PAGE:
words, such a person is "questioning authority" because he or she reacts to and rejects
authority altogether, in adolescent fashion; in contrast, mature "questioning
of authority" is always constructive, and in service to the finding and/or
creation of appropriate authority, understanding that a meaningful life requires
an organizing principle.
This is so for each individual; and the same
is true of a civilization in toto. Civilization is, by and large, still
in its adolescence, characterized by adolescent, reactionary philosophies
(like postmodernism, whose very name is a reaction), adolescent ideologies (like the political notion of the
"sovereign state", when used by a state — most commonly, by Russia and China — as
a hedge against "intervention" by other states in the international community
that is aimed at protecting the human rights of that state's citizens), and adolescent
A global transformation is now required in human culture — after the devastation, or collapse,
of ego-civilization in the twentieth century. Something entirely new is required — something
My entire life has been spent working to establish the basis for a "radically" new and "radically"
comprehensive culture. My image-art is a summation, in artistic terms, of
all the work I have done. Similarly, the books I have written are a summation, in literary and philosophical terms,
of that same lifetime work. My lifetime of work has always been about the rightening of human existence
and the transcending of what is binding human beings and leading them on a destructive course.
Therefore, the images I make and do — like the books I have written — are intended to establish a new paradigm of
human civilization. The images I make and do are about an entirely different — and altogether ego-transcending —
mode, not only of picture-making, but of living and understanding.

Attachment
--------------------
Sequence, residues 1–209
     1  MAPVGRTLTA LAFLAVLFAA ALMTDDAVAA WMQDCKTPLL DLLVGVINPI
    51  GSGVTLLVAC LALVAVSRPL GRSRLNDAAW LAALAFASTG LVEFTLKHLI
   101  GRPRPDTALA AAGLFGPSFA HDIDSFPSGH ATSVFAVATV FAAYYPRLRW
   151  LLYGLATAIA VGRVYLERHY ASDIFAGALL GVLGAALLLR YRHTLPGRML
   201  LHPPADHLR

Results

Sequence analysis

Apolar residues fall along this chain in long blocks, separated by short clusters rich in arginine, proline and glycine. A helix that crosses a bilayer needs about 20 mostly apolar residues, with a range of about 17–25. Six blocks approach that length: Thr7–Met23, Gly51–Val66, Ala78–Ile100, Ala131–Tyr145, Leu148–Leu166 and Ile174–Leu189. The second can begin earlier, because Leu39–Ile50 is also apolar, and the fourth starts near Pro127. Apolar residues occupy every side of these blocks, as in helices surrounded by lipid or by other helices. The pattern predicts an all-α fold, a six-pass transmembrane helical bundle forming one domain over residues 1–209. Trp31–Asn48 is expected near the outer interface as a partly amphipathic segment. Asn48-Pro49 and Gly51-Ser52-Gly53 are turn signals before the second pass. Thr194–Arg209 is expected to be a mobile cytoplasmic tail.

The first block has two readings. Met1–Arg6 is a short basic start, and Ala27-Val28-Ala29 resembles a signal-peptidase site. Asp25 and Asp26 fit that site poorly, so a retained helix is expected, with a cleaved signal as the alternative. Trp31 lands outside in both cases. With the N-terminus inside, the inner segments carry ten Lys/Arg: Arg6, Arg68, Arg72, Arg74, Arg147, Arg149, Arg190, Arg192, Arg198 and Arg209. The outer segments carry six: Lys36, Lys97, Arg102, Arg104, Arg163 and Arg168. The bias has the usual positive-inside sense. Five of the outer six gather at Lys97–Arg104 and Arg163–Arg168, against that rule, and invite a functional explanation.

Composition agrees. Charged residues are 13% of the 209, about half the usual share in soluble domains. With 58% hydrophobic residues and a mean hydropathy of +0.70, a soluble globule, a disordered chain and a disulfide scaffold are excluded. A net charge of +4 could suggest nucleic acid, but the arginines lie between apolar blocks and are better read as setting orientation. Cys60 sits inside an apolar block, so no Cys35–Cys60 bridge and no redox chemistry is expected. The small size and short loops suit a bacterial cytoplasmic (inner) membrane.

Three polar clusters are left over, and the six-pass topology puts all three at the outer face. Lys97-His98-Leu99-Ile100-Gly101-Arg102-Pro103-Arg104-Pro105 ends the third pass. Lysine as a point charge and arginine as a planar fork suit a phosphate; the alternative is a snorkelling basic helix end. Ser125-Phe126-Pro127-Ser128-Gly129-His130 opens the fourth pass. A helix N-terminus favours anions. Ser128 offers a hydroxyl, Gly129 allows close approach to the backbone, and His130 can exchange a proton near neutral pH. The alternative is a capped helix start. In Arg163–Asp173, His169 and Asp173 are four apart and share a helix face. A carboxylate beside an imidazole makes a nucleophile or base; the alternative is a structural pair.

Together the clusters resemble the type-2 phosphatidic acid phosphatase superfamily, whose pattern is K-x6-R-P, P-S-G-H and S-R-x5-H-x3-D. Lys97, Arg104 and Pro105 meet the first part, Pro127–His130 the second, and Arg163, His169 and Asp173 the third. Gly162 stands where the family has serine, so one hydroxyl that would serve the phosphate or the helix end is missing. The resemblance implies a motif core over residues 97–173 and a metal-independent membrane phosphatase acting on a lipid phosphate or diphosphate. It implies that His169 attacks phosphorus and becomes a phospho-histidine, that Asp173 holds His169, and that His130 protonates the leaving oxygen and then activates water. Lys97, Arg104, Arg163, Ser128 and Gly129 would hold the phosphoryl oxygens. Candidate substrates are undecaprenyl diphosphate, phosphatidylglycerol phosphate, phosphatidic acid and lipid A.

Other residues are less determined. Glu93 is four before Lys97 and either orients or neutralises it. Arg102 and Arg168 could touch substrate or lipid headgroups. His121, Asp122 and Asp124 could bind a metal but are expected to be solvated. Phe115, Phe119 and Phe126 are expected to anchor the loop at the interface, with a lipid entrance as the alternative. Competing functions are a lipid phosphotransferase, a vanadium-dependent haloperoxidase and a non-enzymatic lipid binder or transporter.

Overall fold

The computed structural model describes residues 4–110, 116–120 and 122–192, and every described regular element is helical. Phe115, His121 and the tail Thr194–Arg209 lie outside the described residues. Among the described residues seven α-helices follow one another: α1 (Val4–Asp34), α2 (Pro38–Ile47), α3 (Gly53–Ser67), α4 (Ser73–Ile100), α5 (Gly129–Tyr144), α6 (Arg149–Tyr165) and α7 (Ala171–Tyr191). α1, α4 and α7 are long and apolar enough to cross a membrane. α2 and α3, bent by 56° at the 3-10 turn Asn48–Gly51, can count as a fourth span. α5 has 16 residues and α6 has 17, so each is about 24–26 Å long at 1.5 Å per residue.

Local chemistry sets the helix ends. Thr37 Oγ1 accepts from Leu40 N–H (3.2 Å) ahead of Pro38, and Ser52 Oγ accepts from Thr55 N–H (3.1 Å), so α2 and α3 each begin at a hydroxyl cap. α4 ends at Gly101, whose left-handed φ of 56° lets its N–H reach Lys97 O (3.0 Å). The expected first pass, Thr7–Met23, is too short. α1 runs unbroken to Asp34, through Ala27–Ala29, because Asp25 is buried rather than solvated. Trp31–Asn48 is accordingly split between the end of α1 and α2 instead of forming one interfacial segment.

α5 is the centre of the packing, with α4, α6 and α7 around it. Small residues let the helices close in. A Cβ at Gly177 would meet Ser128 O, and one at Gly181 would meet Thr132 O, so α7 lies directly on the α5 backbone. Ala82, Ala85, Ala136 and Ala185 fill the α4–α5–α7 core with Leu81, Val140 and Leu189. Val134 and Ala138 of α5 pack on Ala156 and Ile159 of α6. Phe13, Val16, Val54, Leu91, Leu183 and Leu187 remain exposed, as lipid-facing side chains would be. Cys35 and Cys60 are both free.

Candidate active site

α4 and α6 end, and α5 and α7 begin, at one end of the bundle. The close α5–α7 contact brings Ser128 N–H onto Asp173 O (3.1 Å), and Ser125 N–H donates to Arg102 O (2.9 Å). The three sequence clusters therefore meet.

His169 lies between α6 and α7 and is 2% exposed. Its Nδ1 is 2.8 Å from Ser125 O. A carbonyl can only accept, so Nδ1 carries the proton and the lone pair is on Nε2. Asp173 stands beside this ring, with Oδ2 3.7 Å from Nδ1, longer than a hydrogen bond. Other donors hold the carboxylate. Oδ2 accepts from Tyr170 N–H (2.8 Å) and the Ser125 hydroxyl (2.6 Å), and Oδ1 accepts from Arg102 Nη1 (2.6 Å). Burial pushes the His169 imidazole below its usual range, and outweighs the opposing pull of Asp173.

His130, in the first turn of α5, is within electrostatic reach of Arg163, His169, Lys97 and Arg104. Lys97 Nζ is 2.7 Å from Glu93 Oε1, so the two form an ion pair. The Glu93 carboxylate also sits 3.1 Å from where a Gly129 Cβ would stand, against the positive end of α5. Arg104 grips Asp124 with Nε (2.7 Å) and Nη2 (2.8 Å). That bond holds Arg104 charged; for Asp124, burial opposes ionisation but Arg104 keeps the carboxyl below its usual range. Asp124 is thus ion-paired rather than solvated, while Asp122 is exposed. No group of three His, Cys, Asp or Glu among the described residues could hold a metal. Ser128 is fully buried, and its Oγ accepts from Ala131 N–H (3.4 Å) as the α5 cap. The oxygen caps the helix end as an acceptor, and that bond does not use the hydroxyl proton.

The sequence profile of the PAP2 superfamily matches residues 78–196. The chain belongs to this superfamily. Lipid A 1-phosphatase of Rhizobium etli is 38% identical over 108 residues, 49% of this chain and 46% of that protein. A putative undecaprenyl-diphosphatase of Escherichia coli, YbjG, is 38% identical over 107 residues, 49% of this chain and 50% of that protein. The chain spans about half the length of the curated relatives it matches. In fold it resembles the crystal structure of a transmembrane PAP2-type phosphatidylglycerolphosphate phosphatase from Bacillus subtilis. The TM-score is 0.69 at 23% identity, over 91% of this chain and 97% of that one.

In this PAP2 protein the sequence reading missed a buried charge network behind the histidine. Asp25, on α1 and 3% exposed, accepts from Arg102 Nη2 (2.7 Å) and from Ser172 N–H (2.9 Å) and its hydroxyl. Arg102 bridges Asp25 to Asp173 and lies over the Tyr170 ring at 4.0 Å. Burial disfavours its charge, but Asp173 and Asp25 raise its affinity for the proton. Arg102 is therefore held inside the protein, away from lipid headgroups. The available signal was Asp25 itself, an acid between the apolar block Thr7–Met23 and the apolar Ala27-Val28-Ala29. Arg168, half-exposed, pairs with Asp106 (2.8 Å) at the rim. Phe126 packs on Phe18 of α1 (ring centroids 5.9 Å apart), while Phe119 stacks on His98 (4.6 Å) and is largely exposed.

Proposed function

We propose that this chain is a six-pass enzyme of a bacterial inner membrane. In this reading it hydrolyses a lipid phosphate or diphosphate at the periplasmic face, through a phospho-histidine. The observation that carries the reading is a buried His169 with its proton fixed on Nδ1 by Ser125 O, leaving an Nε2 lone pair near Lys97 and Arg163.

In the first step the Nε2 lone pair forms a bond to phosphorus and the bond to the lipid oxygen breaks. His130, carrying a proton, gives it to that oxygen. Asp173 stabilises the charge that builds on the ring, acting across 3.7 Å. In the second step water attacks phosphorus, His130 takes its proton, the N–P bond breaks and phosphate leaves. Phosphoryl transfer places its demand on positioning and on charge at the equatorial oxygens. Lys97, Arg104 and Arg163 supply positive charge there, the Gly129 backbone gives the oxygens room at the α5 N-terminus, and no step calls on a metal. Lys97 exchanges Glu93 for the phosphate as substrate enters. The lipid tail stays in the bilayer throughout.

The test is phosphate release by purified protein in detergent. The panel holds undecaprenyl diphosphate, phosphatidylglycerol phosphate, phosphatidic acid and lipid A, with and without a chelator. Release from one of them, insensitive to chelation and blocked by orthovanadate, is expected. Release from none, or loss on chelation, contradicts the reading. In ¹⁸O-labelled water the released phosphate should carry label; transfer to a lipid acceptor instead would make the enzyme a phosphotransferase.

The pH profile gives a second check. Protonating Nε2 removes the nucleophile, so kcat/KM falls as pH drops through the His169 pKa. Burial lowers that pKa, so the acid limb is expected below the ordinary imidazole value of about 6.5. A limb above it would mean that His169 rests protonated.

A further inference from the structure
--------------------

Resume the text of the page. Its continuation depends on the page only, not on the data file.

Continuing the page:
What is now required is an epochal change in the history of human endeavor. Just as the Renaissance represented a profound
summation of transformation in human endeavor, so now a new kind of transformation is happening.
The "modernists" [in art] were moving toward this transformation, but they were also making images
in the midst of the virtual collapse of world-civilization in the twentieth century. Since that
collapse, it is no longer possible to return to a tradition that idealizes the human ego. Indeed,
what happened in the twentieth century was the definitive failure of Renaissance-originated civilization,
which civilization was based on the idealization and glorification of the ego and on the wholesale
adoption of the ego's perspectival view of "reality".
The Renaissance was the collapse of the "God"-civilization that preceded it — the civilization
based on mythological presumptions of what is traditionally conceived to be spatially and temporally
"behind" and "above" the world. The Renaissance destroyed that earlier form of civilization. With the
Renaissance, "God"-myth-based civilization was replaced with human-based civilization, or ego-civilization
— or the civilization based on the myth of the human ego-"I". That ego-civilization came to its
essential end in the twentieth century.
In this post-ego-civilization era, the only right basis for human existence — now, and into the future — is the establishment of a civilization that is no longer based on idealization of the ego, but also no longer based on "God"-mythologies. True and right life is neither "God"-myth-based nor ego-based. True and right life is intrinsically ego-transcending. True and right life is the life of intrinsically egoless coincidence with Reality Itself. True and right life intrinsically transcends all mythologies — whether of "God" or of "Man".
The fundamental (and heretofore, perennial) great disposition that must now be universally retrieved